Building design for healthcare facilities
Although the detail of architectural design of dialysis units is beyond the scope of this site, some design, layout and internal building concepts are useful to consider when plotting the fabric of a truly sustainable dialysis environment (14).
Low energy building design and regulation is evolving rapidly. In Europe, national strategies towards very-low-energy buildings now exist in several EU member countries. Among the EU states that officially designate for very low energy buildings are Austria, Czech Republic, Denmark, Finland, France, Germany and the UK. In 2008, several member countries announced their intent to revise their national legislative building codes within 5 years, and set targets for new low energy building codes to be in place from 2015 – 2020 (15, 16).
In Australia, and elsewhere, cash-poor administrations have historically created their dialysis infrastructure in any available space, whether for on-site in-centre facilities, or for suburban satellites. Vacant balconies, disused factories, re-cycled offices, derelict hotels, converted domestic houses – all these recycled building options have been used as ‘it’ll have to do’ dialysis sites. Rarely – if ever – are dialysis buildings purpose-planned and/or eco-sensitively designed.
Of all patient-directed healthcare areas, dialysis units (without equal) are sites where patients – the same patients – spend prolonged, recurrent time. Commonly, patients are chair-tethered for 4 or 5 hours, thrice weekly, for 156 individual episodes of care/year in these buildings. Many dialysis patients are now in their 3rd or even 4th decade of maintenance therapy. Yet, most (if not all) are airless, lightless, depressing areas, often thrown together in unplanned haste as dialysis growth and demand dictates, and with little (or no) thought to optimizing either the patient or staff environment.
We could – we should – do much better.
Eco-building design for business and commercial ventures is an advanced science. Accepted imperatives for commercial and public buildings include the use of space, natural light, in-door vegetation, innovative decoration and, where appropriate, intimate privacy.
Not so for dialysis units, built as they are by budget-conscious hospital administrations. Out-of-sight, out-of-mind seems a common thread.
External dialysis unit design also suffers badly. Attention to building position and orientation, sun-strike and shade, natural lighting vs. artificial light, insulation against heat and cold, the use of roof space… these and other features of passive eco-building design are not commonly considered part of the dialysis planning ‘landscape’. They should be.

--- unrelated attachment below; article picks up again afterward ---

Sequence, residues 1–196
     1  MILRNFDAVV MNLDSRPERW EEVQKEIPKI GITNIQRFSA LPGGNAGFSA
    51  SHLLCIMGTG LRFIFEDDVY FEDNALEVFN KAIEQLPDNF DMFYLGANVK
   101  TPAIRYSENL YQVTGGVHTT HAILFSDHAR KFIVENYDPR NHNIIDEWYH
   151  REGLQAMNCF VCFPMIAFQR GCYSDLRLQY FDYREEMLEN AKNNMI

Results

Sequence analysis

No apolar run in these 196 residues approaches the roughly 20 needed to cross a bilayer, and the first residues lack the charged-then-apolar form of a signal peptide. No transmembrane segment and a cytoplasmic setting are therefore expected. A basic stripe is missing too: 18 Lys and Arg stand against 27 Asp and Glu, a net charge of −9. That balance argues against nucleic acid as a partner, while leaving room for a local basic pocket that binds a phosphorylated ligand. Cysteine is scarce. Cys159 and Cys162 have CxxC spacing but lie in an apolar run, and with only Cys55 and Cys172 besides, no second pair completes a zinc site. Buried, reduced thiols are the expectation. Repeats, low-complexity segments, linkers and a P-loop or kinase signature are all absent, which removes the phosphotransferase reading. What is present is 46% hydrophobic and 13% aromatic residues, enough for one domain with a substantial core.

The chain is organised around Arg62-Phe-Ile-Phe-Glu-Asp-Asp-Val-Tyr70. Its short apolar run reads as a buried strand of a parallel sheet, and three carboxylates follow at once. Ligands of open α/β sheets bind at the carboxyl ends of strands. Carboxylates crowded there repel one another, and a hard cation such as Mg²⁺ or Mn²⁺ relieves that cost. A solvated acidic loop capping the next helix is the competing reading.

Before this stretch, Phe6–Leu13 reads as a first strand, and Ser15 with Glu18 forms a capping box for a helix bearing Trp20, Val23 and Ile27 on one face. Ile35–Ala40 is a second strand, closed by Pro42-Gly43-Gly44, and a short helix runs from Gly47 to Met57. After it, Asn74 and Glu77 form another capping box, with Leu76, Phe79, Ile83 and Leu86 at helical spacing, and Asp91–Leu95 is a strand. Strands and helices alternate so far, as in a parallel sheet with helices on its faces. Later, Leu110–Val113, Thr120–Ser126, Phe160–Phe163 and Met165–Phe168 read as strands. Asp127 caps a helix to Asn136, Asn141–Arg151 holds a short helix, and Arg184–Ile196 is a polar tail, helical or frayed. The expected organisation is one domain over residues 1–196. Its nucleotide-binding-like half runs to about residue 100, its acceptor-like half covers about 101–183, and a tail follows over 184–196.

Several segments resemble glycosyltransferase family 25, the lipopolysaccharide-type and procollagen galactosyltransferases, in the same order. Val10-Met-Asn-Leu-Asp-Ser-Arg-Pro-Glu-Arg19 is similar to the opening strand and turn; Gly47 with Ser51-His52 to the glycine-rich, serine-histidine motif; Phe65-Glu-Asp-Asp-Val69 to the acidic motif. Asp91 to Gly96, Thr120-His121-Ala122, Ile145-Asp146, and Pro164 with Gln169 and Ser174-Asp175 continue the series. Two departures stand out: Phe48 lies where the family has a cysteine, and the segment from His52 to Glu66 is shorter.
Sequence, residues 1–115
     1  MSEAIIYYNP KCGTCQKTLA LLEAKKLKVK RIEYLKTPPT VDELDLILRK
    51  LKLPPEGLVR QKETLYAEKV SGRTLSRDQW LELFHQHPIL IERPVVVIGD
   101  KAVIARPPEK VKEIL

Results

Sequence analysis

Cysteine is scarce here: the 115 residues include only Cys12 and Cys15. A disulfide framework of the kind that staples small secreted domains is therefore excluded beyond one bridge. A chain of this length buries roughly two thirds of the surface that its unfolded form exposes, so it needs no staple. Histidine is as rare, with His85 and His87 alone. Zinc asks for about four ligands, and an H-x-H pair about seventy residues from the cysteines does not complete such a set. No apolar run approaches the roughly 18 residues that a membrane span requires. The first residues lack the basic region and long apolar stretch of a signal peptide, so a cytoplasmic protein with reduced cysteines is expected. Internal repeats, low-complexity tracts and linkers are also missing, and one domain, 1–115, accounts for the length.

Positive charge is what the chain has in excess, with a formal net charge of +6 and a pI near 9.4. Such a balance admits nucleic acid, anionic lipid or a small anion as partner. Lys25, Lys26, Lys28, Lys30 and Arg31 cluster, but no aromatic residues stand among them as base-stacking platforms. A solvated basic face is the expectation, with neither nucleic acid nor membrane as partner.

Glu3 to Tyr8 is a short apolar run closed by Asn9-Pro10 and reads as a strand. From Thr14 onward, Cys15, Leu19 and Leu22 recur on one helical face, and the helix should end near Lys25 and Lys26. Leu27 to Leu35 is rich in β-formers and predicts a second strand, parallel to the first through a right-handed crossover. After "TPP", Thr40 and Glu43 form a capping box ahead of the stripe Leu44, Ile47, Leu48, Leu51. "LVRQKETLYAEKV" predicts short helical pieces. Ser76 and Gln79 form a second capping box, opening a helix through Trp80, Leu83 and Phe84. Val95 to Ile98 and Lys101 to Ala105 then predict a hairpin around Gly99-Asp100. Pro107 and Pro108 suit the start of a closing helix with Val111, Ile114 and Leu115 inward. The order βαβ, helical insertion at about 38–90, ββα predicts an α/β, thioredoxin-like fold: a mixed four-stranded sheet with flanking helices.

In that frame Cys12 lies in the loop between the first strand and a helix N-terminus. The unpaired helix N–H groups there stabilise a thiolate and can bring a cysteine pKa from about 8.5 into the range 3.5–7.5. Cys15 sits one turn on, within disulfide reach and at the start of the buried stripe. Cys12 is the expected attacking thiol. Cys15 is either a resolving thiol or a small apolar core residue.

A German study has shown that passive eco-buildings, while ~8% more expensive to build, so effectively reduce subsequent maintenance and operating costs that the greater expense of the initial construction is recouped within the first 1/3rd of the lifespan of the building.
Consider the following ‘potentials’ for sensitive dialysis building design:
- Appropriately positioned and oriented to maximally befit from summer shade and winter sun.
- Lit by natural light to minimize internal lighting.
- All fluorescent strip lighting replaced by LED lighting systems.
- Internal plumbing that maximally re-uses RO RW for toilets and cleaning.
- Internal plumbing that recycles RO RW for on-site waste processing (e.g. OzSteri™, Sterishred 250™, Meteka™ or Celitron™) to re-cycle, re-use and/or on-sell segregated and processed wastes and plastics.
- roof-top solar-array for solar-assisted power –for building uses, dialysis equipment support and waste-processing practices.
- Roof-top earth insulation that, potentially, might also support a vegetable planting – patient-tended and RO RW-watered – to (1) provide a healthy food source for patients and staff plus (2) create an occupational place of pride to enhance patient self-esteem and engagement.
- Partnership arrangements with adjacent buildings, businesses, parks, and gardens to share any RO RW unused by the dialysis service.
These and other potential design and eco-practices have simply not been considered nor established in the design structure of current dialysis services.
All are feasible. All are possible. None are in use.
A demonstration ‘green dialysis service’ is both desperately needed and utterly possible. It simply needs institutional or government will to make it happen.
Air-conditioning and heating is clearly essential for patient (and staff) comfort – especially in arid or equatorial regions or at north/south extremes. Whilst in intelligent building design, temperature regulation is commonplace, current dialysis building design rarely considers this – or rates it highly – with ‘cold and hot spots’ a frequent complaint of dialysis patients.
Most dialysis buildings seem to actively work against good design practice, largely due to the ‘ad hoc’, lowest-cost-possible nature of their creation in spare hospital space, or in old, disused factories, tenements or hotels.
Intelligent design is currently incorporated widely into northern European building design (e.g. buildings in Germany, Denmark, Sweden and Finland). The energy requirements – and occupant comfort – can be improved by ~70% (see “Passive vs. standard building design”: Reiter und Rentesch: Kostenfestellung, Ev-Luth, Kindergarten Dobeln, 2009: personal communication, Harry Mann: architect).